Thank you all for you helpful comments.  I learned a lot.  To answer a question and fill in some gaps, yes about 50 feet of cable is just lying unattached diagonally across the roof, south fascia to north fascia.  I paced off the distances.  Current total installed internet cable from entrance box attached to house to router is about 80 feet.  Under the eaves would result in about 110 feet.  With reference to corners (never knew this wrinkle), the current installation over the eaves results in two gentle curves (approx. 6 inch radius), while around the eaves would result in four sharp 90 degree corners.  Except where the internet service cable from the pole is attached to my house, there are no other electrical wires around.  The suggestion that I have ethernet cable installed instead is intriguing.  Don't know the difference with what I have installed now (coaxial?), but I'll look into it.  I've also thought of buying an extra thirty feet of cable at Home Depot and coupling it in my office with the existing cable at the router.  Then I could compare speeds.  If there is little drop off in speed, then I would have more confidence in complaining to Comcast.  But it could be that DIY connectors may cause a reduction in speed.   Also, that wouldn't take into account the corner issue.  As for the suggestion about having an amplifier installed to boost the internet signal, the installers claimed that this couldn't be done.  They could do this for the TV signal, but not for the internet signal.  Also, this is the desert southwest as I have mentioned, and the sun is a powerfully destructive force.  I wonder how well the speed is going to hold up after a couple of years on my extremely hot roof.  The eaves are protected and cooler.  Again, thanks to you all for your time and the benefit of your expertise.  Further comments would be greatly appreciated.

#7 +BudMan


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Posted 28 June 2013 - 03:31

You don't lay cable on top of the roof...  Nobody can be that freaking lazy!!


Why don't they just go into the attic with the cable run it along the attic and then to where it needs to go on the other side of your house?


Laying across the roof is NOT in any way proper install - anyone that would do that is a IDIOT!!  And they should not work installing anything!


I doubt "Tom Karinshak" (comcast senior vp of customer experience) has cable running across his roof ;)


Do you see anyone in your area with cable running across their roof?

#8 OP arizonabikes



  • Joined: 27-June 13

Posted 30 June 2013 - 16:17

After having read these postings and others I got in touch with Comcast about the across-the-roof-install.  They sent someone out, the cable was installed under the eaves (25 minutes) as I requested, and it looks much, much better.  As far as I can tell the download speeds are exactly the same.  The upload speed is, if anything, actually faster.  Thanks to you all the problem solved.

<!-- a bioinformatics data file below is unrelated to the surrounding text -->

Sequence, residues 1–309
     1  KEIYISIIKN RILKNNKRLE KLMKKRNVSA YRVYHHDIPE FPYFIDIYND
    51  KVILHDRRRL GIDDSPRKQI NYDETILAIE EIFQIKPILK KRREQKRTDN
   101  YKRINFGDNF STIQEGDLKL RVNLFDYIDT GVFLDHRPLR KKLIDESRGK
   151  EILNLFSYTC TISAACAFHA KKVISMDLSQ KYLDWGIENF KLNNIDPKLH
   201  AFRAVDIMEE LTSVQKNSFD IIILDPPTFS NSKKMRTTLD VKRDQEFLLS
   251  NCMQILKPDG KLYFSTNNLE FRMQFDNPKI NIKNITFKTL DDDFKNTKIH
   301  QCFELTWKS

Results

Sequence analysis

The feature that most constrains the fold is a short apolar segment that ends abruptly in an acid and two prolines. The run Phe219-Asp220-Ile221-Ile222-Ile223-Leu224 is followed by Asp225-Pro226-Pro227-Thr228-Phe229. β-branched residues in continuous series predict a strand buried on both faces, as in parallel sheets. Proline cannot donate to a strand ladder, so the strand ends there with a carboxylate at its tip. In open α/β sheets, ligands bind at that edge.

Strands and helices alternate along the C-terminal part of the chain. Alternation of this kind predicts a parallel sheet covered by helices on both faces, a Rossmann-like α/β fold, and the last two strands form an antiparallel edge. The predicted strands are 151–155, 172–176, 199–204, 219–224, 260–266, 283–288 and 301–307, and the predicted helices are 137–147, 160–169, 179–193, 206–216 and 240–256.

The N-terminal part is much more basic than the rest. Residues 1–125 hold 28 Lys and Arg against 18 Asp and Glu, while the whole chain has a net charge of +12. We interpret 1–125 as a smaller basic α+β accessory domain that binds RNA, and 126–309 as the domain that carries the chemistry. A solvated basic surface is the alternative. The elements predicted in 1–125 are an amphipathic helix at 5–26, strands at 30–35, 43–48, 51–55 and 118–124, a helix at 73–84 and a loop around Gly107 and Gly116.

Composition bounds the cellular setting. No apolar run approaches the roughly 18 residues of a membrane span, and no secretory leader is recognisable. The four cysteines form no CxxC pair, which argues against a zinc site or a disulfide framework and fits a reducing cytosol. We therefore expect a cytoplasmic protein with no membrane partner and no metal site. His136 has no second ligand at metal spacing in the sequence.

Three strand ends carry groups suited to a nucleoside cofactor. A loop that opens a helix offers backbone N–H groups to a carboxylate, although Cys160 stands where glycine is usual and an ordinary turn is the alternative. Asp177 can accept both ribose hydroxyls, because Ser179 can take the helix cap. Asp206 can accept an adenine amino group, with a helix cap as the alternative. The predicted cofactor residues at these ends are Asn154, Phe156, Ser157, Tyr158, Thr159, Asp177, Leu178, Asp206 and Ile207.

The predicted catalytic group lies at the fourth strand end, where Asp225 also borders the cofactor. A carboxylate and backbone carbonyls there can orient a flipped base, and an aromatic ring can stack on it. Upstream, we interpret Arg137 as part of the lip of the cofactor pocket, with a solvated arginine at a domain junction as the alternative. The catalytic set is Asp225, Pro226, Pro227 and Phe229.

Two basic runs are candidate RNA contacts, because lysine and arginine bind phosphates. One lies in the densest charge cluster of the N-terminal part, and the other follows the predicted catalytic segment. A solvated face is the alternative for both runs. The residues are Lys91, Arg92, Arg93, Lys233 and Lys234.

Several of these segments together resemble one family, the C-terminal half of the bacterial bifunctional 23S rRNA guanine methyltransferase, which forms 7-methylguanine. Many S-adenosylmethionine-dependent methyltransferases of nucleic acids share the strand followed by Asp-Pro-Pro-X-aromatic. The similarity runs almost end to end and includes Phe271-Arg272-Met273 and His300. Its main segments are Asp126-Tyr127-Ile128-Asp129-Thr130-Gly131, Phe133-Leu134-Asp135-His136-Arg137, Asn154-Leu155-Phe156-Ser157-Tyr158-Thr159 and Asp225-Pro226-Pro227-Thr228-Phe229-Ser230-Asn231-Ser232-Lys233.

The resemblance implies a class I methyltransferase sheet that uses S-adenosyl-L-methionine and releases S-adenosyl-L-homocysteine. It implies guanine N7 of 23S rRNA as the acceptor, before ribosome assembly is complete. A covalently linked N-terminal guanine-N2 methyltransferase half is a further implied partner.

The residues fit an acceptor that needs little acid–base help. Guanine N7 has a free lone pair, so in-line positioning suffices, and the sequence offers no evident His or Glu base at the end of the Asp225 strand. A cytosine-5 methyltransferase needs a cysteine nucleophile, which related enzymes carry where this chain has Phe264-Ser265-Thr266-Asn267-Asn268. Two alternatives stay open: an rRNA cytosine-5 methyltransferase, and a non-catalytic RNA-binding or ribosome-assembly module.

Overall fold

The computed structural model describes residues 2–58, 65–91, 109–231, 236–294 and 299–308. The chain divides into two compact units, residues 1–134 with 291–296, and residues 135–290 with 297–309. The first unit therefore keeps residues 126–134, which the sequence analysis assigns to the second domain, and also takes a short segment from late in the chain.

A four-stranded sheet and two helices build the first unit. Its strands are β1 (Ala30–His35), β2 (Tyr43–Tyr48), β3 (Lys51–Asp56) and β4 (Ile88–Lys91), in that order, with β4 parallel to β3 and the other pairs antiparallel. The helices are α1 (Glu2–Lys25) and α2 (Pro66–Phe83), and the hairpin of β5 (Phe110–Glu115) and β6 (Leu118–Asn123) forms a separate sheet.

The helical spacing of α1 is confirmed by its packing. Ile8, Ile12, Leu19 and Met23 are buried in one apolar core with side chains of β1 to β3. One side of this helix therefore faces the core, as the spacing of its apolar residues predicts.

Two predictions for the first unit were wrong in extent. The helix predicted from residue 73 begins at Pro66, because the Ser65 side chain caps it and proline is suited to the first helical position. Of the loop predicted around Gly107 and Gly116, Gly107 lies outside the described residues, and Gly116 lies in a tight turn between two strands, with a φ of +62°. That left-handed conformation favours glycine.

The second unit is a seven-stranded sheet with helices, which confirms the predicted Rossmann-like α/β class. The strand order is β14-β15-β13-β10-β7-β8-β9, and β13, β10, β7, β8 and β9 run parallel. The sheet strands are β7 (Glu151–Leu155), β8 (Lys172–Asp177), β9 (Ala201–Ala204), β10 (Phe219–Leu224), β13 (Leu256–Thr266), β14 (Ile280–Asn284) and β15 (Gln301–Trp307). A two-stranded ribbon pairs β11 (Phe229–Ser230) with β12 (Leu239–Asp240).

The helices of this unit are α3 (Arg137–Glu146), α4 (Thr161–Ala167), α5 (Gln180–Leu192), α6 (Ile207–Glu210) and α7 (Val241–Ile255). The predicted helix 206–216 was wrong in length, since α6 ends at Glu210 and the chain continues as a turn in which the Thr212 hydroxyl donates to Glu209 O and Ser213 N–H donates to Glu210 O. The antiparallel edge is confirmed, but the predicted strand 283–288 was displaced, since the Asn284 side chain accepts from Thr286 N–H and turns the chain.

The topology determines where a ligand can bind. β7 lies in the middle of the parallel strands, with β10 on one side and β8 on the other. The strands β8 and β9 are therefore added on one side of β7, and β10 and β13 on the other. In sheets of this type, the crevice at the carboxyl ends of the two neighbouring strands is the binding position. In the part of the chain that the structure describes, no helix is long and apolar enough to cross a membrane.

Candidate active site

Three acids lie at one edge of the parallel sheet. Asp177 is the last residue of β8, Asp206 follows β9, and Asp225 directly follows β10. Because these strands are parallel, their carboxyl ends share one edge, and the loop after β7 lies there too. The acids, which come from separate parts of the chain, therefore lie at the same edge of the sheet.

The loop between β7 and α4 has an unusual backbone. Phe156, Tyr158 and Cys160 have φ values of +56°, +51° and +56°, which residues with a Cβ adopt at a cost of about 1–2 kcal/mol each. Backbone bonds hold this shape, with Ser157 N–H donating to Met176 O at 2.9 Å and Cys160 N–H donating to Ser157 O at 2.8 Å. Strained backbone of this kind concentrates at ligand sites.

As a humorous wrap-up, here are some issues I had discussed with Comcast directly in an online chat and how they were resolved:


  1. I insisted that an employee of Comcast, not a sub-contractor, come and check the installation.  Comcast agreed.  I confirmed this, and reconfirmed this.


The original sub-contractor appeared.



  1. Comcast set a firm 11-1pm time window which I had to firmly agree to.


The sub-contractor came at 7:45am.



  1. Comcast warned me that I would get 3 pre-arrival phone calls to which I had to respond correctly, or the appointment would be cancelled.


Guess.  That’s right, nada.  Just the doorbell.


  1. And as a further chuckle, the original install had the cable just popping into the room out of jagged hole in the drywall.  (“The company doesn’t give us anything to use there.   You can get something at ACE.”)  Now, there is a nice connector and faceplate.  Company policy obviously has shifted.


Thanks again.  Your help is much appreciated.

#9 helpifIcan



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Posted 30 June 2013 - 17:14

Squeaky wheel gets the oil glad you got it fixed.

#10 +BudMan


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Posted 30 June 2013 - 17:53

"had the cable just popping into the room out of jagged hole in the drywall."

Yeah that is just more BS.. The one that drives me nuts is the cable straight of the wall vs putting a 90 degree connector on it so it can run flat down the wall when needed. Not an issue when say modem or TV, etc is right there in front of the connection. But when you have to run down a few feet

So if they are making the cable they can put the 90 on it - but even if your using a premade cable length -- the adapters are like 0.50$


Price: $0.49
Available: Yes
Item #: COF90A

There is just NO excuse to not install it correctly.. Your saving yourself what few minutes, and looks like CRAP!!

Those plates - again less than 0.50$


Price: $0.43
Available: Yes
Item #: ACW102

Its not like items to correctly install cost more than a few pennies -- do it RIGHT! Or don't even do it what I say.

Glad to hear your happy with your speeds and install, I would prob call and complain about the troubles you had to go through.. At best you get discount off your bill, at worse you can rant a bit ;)